A recent interview with RuPaul has once again filled me with rage. I have tried numerous times to give her the benefit of the doubt, but her "Real Talk" interview only confirmed what I feared to be true: that her callous, loathsome attitude and behavior only serve to further marginalize the most vulnerable members of our community. The most disturbing part of the entire interview is that her hypocrisy and prejudices are cleverly disguised by her ability to speak eloquently and at length. They are embedded amongst numerous other points that actually do have some validity. The most dangerous people in this world are those charismatic enough to twist the minds of others into believing even their most wretched thoughts--who use their charm to hypnotize the masses into surrendering their ability to critically analyze behavior, language, and situations.
Before I embark on this somewhat lengthy break-down of the most problematic assertions of the interview, I must offer the following bit of advice. Language, whether we want to admit it or not, IS important. It underlies and shapes all thoughts, attitudes, and behaviors. Language has the power to save lives, as well as the power to kill. As a linguist, it is hard for me to overstate the role of language in personal and societal development. There are multiple instances during this interview where RuPaul deflects questions and avoids lengthy discussion of topics that would fully expose her bigotry by asserting that language doesn't matter, and it's all about fun. She even goes so far as to say that being hurt by language is stupid and only further reinforces "trigger-happy" people's perceptions of their own victimhood. Because, you know, if a rape survivor can't laugh about being raped, then they are automatically inferior to me and undeserving of my respect or validation. Dismissal of the idea that respecting others, particularly those who have been through the trauma of fighting for their lives as transphobic slurs are hurled at them, is not advocating for your community. It is erasing the identities and lived experiences of the people that literally gave you the right to be the person you are today and to have a mainstream television show.
Ru further goes on to dismiss questions about the relationship between trans identities and drag. She calls the question "boring" and becomes defensive when the interviewer asserts that it's a bit more complicated than that. Her language becomes decidedly "us versus them" as she insinuates that people who take their identities seriously are "dumb as fuck". The further proves how out of touch with reality this queen can be. Listen, when all you have in this world is your identity because you have been denied access to equal housing, employment, medical care, and basic services based on that identity, any attempt to erase it or take it from you will have you fighting for your very life. Even more simply, we are MURDERED because of our identities, so yeah, we do kind of take that seriously. And does she not remember the trans queens that came out during the production of her show? Her assertions further erase the idea that an entertainer in the drag industry can also be trans, leading to a more beautifully complex intersection of identities that are equally legitimate.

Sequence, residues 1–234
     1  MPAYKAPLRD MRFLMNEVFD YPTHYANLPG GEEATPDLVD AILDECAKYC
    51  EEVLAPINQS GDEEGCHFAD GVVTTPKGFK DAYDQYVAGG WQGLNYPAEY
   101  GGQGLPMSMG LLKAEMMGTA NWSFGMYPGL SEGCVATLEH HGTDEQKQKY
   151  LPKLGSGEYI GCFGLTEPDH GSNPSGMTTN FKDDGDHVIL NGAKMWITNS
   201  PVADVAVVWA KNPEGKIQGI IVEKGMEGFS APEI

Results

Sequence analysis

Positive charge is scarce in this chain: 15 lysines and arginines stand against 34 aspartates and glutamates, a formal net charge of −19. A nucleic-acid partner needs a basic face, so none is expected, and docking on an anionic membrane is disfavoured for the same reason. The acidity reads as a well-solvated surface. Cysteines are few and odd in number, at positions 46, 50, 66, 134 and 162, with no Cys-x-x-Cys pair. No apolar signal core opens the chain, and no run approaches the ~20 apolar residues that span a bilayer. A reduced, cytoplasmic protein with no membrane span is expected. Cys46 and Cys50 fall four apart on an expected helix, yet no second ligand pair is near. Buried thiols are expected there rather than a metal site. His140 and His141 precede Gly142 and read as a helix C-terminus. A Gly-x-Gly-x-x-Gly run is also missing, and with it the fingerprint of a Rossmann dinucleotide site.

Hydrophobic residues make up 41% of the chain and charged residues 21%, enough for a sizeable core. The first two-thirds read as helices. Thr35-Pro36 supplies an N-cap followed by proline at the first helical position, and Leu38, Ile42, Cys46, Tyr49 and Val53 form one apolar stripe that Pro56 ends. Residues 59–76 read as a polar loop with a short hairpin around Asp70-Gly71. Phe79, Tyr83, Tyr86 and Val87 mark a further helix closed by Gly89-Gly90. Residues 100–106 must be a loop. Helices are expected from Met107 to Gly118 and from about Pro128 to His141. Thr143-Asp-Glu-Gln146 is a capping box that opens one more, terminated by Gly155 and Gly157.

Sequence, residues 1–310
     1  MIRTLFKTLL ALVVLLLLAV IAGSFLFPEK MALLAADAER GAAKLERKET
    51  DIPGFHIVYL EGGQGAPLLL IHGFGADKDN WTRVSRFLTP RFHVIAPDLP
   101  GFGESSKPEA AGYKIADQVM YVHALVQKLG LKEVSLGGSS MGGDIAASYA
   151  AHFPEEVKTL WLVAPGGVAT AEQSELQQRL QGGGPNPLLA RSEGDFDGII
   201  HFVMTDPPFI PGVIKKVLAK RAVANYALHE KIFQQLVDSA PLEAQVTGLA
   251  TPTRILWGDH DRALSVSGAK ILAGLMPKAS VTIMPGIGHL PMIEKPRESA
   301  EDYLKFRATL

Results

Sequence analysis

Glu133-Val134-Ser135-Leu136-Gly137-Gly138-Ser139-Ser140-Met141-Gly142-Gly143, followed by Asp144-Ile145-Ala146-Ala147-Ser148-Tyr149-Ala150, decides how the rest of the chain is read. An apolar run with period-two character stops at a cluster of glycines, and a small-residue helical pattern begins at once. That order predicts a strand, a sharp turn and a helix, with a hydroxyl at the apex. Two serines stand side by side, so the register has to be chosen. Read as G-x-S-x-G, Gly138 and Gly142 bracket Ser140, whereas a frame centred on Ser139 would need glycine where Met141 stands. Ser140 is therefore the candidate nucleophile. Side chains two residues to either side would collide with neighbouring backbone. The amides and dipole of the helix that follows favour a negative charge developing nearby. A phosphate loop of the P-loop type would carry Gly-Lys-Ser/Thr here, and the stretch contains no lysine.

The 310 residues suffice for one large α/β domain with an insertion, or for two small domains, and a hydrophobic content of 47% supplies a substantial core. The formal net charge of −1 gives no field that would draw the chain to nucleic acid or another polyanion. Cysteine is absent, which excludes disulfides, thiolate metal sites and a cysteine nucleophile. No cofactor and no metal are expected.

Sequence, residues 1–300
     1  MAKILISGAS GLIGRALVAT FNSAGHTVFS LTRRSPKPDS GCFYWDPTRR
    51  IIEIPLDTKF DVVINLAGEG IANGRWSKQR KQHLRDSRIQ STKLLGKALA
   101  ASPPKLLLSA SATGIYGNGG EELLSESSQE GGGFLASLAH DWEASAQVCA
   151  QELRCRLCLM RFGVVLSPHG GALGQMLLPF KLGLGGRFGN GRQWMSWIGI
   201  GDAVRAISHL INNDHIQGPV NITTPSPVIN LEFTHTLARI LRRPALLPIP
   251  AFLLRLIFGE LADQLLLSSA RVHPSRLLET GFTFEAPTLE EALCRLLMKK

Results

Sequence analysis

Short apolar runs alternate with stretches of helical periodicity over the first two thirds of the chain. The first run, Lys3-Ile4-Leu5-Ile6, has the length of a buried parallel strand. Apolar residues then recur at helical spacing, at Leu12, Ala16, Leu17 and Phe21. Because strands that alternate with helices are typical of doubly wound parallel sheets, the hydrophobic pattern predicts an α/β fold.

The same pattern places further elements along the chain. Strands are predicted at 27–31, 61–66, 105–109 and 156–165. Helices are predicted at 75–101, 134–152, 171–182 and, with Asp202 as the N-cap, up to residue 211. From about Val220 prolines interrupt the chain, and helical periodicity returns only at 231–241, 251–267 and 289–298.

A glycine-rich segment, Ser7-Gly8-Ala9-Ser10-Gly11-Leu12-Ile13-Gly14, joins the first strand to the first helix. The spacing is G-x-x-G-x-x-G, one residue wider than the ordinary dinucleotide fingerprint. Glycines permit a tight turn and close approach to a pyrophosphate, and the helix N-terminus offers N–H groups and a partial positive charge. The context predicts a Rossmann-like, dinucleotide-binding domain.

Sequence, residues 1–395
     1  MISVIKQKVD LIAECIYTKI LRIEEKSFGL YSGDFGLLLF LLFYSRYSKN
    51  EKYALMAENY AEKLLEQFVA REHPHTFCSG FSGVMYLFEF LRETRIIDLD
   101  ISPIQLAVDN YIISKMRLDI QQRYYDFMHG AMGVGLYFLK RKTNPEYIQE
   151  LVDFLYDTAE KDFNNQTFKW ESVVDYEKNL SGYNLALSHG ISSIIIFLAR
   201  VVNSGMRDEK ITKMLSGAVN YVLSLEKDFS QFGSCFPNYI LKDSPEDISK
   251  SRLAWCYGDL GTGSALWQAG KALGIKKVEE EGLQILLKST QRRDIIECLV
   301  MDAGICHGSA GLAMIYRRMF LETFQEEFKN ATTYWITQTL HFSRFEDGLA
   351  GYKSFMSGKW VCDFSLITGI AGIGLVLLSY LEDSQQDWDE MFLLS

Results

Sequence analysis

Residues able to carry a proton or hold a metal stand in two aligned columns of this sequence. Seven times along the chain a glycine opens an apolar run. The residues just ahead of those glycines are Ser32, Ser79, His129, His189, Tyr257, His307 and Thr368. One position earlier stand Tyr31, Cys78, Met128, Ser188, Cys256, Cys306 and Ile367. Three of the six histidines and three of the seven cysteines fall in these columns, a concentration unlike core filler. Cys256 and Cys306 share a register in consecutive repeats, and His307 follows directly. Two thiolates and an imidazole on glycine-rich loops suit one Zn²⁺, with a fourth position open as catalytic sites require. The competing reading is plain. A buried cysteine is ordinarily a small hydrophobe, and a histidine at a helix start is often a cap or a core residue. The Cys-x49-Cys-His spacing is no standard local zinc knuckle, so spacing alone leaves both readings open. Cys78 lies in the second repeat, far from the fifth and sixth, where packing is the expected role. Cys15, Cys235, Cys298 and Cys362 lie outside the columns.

It only gets more absurd as Ru's hypocrisy comes out. She continually reasserts the idea that she can float between femme and butch, yet she only frames this in the context of drag, somehow forgetting the lived experiences of genderqueer people. One wonders if these people would be allowed on her show, and, if they were, what does that say about her attitudes toward exclusively feminine-presenting and -identified trans individuals?
She further has the audacity to say that drag is supposed to be the antithesis of mainstream, with the goals of continually pushing boundaries and blurring lines, yet her television show and previous responses to questioning by entertainers who do not identify as cisgender males do nothing but reinforce boundaries within our own community and draw quite clear lines on what she believe qualifies as drag or worthy of the spotlight. Of course, this is television, and producers have every right to do whatever the hell they please, but rather than claim exclusivity on the basis of personal preference, Ru has continued to assert that other forms of drag are either not really drag or somehow less valid than others. I have mentioned this before, but my definition of drag is as follows: the deliberate deconstruction and reconstruction of gender. I don't think you can get more inclusive than that, and you sure as hell don't have to shit on anyone's identity or lived experience in using it. But my very identity is what will make my remarks less valid in this world.
If you only believe and pay attention to the words of those with the loudest, most accessible voices, you are missing the majority of the conversation. Ru is a celebrity who has done some wonderful things, but it has become quite clear that she is out of touch with the queer community. However, for some reason, the dominant, white cis gay male culture loves to eat up the shit that she spews out of her mouth sometimes, and problematic, oppressive, and downright violent discourse is perpetuated. Do you know what would be awesome? If queens (and even other entertainers) could stop bowing down to this bitch as if she were a deity and start thinking for themselves about what's best for the people our community so often enjoys throwing under the bus.
I think I've stopped shaking now. But am I done? I'll be done when the work is done. Until then, I fight for those whose voices are silenced, whose lives are erased, sometimes quite literally. And I will not apologize for that. I love you all, and goodnight.